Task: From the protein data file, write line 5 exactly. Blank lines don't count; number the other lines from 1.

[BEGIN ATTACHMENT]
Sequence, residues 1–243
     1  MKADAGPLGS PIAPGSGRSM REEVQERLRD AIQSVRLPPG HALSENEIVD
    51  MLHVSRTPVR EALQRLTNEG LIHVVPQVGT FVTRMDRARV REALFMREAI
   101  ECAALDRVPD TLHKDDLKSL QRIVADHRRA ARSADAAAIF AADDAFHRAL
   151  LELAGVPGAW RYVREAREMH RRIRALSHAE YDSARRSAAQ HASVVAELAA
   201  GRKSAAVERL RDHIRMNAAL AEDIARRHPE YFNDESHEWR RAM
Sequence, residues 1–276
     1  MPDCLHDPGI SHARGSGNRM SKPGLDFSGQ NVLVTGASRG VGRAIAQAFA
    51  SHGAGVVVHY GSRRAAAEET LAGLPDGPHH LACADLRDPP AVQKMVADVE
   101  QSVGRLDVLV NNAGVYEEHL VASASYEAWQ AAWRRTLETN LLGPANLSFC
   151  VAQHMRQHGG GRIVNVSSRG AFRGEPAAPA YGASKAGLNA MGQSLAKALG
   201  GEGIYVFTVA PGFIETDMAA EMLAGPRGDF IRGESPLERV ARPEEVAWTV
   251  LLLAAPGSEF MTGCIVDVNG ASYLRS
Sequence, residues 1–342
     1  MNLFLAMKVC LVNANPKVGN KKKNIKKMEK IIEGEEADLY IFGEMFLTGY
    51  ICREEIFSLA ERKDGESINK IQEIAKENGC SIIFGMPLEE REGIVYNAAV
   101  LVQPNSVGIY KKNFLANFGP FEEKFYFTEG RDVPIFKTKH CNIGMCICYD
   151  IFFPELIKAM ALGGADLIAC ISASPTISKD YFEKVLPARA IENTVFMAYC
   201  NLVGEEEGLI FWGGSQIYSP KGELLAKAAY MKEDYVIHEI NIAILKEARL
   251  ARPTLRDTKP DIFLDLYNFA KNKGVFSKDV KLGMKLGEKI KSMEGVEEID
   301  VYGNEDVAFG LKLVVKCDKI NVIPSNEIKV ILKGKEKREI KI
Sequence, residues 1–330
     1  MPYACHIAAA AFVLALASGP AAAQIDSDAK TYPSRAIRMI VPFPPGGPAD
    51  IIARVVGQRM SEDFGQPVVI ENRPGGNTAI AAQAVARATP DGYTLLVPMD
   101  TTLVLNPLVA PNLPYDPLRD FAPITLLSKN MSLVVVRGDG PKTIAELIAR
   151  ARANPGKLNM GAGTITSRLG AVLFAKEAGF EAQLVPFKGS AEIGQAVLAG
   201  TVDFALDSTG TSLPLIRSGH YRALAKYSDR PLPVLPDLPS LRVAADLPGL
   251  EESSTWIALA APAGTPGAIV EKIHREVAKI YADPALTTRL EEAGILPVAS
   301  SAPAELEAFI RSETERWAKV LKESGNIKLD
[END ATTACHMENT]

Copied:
   151  LELAGVPGAW RYVREAREMH RRIRALSHAE YDSARRSAAQ HASVVAELAA